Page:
opim 5894 advanced project management iridium llc case n.
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OPIM 5894 Advanced Project management Iridium LLC case PowerPoint Presentation
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OPIM 5894 Advanced Project management Iridium LLC case

OPIM 5894 Advanced Project management Iridium LLC case

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OPIM 5894 Advanced Project management Iridium LLC case

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  1. OPIM 5894 Advanced Project managementIridium LLC case SURESH NAIR, Ph.D. Professor, School of Business University of Connecticut, Storrs, USA

  2. Iridium LLC case Issues Raised • High tech, high risk, retail customer projects • Large, greenfield projects with unproven technology • Large relatively certain upfront cost; and large relatively uncertain distant revenues • Role of sponsors, capital markets, project vs. corporate debt Prof. Suresh Nair, University of Connecticut

  3. Iridium LLC case Team Assignments – Team 1, Team 2, Team 3 • What caused Iridium to fail: was it a bad strategy, bad execution, or bad luck? • Why did Motorola finance Iridium with project debt rather than corporate debt? (see note, next page) • What lessons regarding large, greenfield projects do you draw from this case? Prof. Suresh Nair, University of Connecticut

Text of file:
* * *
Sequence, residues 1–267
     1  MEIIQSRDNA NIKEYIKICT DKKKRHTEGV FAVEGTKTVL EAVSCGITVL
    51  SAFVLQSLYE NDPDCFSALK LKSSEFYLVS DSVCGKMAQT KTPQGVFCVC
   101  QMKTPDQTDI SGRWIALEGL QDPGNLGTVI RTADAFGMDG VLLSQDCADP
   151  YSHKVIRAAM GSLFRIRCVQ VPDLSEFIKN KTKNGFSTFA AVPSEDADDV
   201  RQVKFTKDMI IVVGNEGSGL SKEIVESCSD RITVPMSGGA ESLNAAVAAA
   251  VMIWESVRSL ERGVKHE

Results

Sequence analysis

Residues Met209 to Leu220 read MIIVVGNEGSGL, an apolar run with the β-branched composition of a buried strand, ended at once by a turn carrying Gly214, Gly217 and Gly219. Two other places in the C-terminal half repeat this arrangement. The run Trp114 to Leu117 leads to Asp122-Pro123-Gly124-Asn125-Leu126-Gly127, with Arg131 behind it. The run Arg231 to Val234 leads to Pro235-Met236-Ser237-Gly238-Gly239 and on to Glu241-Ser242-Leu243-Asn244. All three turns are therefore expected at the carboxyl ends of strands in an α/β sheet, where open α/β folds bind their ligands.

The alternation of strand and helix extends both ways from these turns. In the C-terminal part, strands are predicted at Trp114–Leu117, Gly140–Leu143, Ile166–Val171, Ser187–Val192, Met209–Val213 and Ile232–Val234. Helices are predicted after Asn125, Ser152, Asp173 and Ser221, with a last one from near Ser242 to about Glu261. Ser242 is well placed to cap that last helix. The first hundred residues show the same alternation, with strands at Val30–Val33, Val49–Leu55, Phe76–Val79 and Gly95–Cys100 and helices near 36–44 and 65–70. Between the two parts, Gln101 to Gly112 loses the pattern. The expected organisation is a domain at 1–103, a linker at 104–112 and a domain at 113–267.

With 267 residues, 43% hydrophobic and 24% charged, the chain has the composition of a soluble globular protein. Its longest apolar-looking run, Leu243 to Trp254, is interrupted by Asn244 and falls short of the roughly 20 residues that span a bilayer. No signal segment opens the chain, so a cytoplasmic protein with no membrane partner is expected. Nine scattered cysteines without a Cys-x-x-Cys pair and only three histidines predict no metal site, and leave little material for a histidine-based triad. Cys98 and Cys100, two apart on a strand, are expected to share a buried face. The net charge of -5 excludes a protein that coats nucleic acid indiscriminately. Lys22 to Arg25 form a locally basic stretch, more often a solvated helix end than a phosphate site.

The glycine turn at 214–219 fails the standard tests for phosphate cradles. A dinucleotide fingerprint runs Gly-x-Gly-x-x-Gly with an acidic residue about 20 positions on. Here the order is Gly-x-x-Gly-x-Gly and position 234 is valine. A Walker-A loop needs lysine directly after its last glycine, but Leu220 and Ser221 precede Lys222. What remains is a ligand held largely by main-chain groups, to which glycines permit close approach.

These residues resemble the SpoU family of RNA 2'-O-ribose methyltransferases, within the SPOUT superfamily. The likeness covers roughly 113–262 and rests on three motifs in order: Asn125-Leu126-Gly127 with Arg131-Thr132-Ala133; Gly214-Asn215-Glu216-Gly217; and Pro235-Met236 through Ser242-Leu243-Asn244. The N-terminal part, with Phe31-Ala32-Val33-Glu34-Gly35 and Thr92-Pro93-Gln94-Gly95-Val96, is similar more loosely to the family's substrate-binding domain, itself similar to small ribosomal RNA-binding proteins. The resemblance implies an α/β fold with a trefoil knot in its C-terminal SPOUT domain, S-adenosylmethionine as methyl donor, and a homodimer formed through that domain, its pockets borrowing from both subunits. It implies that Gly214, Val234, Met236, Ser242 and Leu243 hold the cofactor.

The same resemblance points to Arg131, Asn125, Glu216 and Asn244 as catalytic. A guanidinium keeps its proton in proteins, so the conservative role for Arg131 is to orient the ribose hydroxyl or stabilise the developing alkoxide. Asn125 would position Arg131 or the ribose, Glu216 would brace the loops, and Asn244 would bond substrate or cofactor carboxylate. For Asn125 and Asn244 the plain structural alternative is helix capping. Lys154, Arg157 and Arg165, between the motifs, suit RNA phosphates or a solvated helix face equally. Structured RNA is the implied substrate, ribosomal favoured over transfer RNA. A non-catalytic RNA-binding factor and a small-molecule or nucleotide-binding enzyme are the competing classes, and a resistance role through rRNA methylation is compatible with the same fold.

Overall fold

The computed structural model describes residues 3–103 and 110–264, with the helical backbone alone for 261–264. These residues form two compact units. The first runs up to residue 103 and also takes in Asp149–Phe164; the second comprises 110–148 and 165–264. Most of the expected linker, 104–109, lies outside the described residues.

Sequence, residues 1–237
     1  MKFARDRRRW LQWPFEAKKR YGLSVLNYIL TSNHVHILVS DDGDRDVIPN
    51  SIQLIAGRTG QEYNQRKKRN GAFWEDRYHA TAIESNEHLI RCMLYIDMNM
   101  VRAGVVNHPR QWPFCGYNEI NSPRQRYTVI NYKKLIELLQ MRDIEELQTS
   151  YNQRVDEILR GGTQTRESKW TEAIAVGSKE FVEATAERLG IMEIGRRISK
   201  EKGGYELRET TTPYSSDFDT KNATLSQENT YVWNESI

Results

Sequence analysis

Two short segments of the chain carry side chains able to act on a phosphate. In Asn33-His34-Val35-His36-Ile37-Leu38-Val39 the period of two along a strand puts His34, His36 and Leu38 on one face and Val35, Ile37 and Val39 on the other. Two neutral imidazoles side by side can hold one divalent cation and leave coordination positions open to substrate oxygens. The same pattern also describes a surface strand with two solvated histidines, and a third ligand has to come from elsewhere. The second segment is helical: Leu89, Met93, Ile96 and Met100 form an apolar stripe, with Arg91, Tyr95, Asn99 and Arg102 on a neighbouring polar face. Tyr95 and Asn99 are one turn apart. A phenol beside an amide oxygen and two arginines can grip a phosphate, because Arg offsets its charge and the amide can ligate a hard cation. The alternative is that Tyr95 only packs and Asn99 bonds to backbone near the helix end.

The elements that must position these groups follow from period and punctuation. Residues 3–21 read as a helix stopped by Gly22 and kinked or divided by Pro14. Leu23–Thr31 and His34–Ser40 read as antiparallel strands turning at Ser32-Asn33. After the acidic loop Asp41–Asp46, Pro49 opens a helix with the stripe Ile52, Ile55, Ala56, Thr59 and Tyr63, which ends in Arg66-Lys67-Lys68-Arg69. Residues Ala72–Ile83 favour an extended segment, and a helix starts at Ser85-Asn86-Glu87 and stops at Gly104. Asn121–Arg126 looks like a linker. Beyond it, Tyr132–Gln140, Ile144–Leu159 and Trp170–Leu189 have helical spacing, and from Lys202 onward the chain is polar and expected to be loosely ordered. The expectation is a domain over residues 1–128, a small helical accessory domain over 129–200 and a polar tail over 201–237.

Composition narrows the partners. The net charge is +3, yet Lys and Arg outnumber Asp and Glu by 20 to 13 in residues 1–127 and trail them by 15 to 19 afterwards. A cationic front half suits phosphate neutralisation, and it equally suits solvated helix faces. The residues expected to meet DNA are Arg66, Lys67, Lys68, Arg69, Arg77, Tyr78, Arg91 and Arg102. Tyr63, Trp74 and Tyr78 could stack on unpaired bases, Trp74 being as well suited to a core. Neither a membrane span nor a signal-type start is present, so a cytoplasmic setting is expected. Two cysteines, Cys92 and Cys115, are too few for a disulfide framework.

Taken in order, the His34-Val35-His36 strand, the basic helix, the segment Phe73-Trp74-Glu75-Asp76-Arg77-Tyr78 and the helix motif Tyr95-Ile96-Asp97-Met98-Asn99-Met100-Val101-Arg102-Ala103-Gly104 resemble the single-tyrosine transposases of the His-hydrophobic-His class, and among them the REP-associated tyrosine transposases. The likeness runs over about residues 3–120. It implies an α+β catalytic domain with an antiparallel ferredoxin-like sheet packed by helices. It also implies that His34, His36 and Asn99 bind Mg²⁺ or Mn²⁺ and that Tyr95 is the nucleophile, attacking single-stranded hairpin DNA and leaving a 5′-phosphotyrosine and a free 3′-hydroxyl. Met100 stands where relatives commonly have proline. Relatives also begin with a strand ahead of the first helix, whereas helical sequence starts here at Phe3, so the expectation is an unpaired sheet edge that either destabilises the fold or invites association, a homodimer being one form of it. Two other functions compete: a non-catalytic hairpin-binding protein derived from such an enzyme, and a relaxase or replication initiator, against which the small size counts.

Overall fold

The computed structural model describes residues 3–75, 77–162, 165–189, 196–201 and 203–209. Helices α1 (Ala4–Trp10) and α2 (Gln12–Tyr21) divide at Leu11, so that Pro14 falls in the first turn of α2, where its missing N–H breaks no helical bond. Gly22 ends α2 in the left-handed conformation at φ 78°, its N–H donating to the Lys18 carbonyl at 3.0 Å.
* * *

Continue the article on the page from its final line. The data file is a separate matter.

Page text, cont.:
4. Iridium LLC case • Project finance implies that the lenders to a project have recourse (or claim) only to the project’s cash flows and assets. In effect, then, the project is financed “off the balance sheet” of the project sponsors. Such project finance is termed nonrecourse and is at one extreme of the project finance–corporate finance continuum of financing possibilities. In practice, project finance in developing countries is backed by sponsor or government guarantees provided to give lenders extra comfort. This is limited recourse project financing, involving at least a small degree of corporate or balance sheet support. • In traditional corporate financing, at the other extreme of the financing continuum, lenders rely on the overall creditworthiness of the enterprise financing a new project to provide them security. If the enterprise is publicly held, information on its performance and viability is usually available through stock markets, rating agencies, and other market-making institutions. This combination of security, liquidity, and information availability allows debt to be issued at a lower cost than through project finance. Further, because the enterprise’s overall risk is diversified over all the activities that it is engaged in, the cost of equity is also usually lower. The financing advantage for both debt and equity makes the overall cost of capital lower. • Anecdotal evidence suggests that corporate finance is indeed cheaper than project finance. Corporate financing also has significant transaction cost advantages because it avoids the high cost of negotiating the web of carefully structured legal contracts with purchasers and commercial lenders necessary under project financing. • Prof. Suresh Nair, University of Connecticut